Create compost qualities for specific market uses

Compost is used for a variety of purposes, some of which are specific to a market sector.

Composting should be approached as the production of a revenue-generating organic material, rather than disposal of a waste. The shift in focus toward revenue generation can affect the quality of the finished product and the way customers view compost, resulting in higher demand for the product. Decisions regarding product quality, collection methods, processing and refining are dependent upon the uses planned for the compost. Compost operators must become familiar with the specific applications, needs and concerns of the market sectors they are targeting, so they can modify how they create compost accordingly. Compost qualities are a function of feedstock composition and effectiveness of the processing operation. By conducting market research to identify target markets, decisions regarding feedstock volumes, quality and processing will be based on the results of that research. Efforts spent in planning to produce a quality compost from the start will pay off in returning customers.

Specific applications, needs and concerns of market sectors may include:
https://www.compostingcouncil.org/page/HowUseCompost

● Specifications currently in use by state Departments of Transportation asking for STA Certified Compost: https://www.compostingcouncil.org/page/SpecifyCompost

● Case studies of compost use for state Departments of Transportation applications may be found here: https://cdn.ymaws.com/www.compostingcouncil.org/resource/resmgr/documents/compost_use/Compost_Use_for_DOT.pdf

● Educate your customers how to buy quality compost. Using high-quality compost means making sure that the compost you purchase has the qualities you need for your purpose. Here are the resources to understand how to judge compost for yourself to choose what’s right for different uses. https://www.compostingcouncil.org/page/BuyCompost
Compost qualities
Analytical testing is essential to verify your compost product attributes and also to ensure worker safety, avoid environmental degradation, and maintain a viable compost process. Producers often forego testing because it’s costly or they are uncertain as to what parameters to test and what those results mean. Testing is an important investment in the composting process, providing the end user with qualified information. The main purpose of testing compost is to determine the concentrations of components and characteristics of the compost so that an evaluation of its quality can be made. The chemical and physical characteristics of compost depends on which feedstocks are chosen. Since the characteristics of compost can vary greatly, tests have been developed to measure various important parameters of the compost. https://www.compostingcouncil.org/page/UnderstandingCTDS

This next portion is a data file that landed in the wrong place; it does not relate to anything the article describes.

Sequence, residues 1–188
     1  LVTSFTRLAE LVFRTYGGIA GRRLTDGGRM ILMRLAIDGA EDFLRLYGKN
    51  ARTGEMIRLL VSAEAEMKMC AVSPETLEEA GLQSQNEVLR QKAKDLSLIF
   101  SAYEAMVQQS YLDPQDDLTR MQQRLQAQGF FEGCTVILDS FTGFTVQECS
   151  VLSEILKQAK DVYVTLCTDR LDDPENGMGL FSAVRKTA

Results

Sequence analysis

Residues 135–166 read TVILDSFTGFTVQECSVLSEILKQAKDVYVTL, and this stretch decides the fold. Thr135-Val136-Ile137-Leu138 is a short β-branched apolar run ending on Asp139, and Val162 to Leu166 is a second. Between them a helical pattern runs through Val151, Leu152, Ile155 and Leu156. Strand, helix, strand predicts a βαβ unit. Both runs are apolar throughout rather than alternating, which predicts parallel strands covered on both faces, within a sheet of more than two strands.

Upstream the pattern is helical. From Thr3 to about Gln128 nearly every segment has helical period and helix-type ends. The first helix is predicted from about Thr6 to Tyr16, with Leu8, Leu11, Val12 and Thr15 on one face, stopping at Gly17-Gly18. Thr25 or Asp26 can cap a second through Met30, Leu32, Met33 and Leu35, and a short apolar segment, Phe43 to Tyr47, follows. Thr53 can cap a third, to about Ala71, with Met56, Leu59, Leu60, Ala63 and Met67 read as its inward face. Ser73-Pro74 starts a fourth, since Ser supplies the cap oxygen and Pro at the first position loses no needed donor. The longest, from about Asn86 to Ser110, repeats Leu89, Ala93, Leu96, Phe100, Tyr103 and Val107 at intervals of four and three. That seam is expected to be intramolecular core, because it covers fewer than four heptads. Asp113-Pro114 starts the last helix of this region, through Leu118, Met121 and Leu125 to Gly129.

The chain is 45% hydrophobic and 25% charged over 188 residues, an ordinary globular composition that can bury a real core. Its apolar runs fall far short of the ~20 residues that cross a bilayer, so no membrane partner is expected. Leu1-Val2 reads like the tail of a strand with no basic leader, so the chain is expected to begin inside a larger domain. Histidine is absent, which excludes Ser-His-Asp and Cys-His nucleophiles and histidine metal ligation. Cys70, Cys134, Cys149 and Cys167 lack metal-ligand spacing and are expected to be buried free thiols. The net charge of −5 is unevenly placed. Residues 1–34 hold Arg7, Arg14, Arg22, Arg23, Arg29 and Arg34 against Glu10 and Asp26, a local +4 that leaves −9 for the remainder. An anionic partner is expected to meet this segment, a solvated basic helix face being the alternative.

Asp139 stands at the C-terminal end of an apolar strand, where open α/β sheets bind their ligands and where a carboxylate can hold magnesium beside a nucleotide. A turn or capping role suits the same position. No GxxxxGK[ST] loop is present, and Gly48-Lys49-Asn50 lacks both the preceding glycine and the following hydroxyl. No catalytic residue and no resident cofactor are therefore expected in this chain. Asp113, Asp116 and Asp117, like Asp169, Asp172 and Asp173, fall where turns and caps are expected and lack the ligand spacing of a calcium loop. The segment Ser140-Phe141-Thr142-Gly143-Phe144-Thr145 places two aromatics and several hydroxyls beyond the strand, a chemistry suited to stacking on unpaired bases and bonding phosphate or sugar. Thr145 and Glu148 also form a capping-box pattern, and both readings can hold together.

Feedstocks
Raw materials influence the physical and chemical properties of compost. Yard clippings alone tend to produce a compost with lower nutrient levels and higher Carbon:Nitrogen ratios compared to compost made with higher nitrogen feedstocks, such as food waste, animal manures, or biosolids. High-rate aerobic composting will prevent sour, low pH or odorous finished products. Organic materials that are composted can result in a variety of different compost product types because of different feedstocks and this is an important consideration for your target markets. Wood chips are a carbon source and will add structure to your blend, but in a less available form than when using leaves. Compost made from leaves only (leaf humus) differs from leaf/grass compost and from woody compost. High percentages of grass or food waste raises the pH of finished compost. The organic matter content of wood-based compost has longer durability due to the slow breakdown of lignin and cellulose. You may also want to consider what feedstock biases compost use customers in your area have.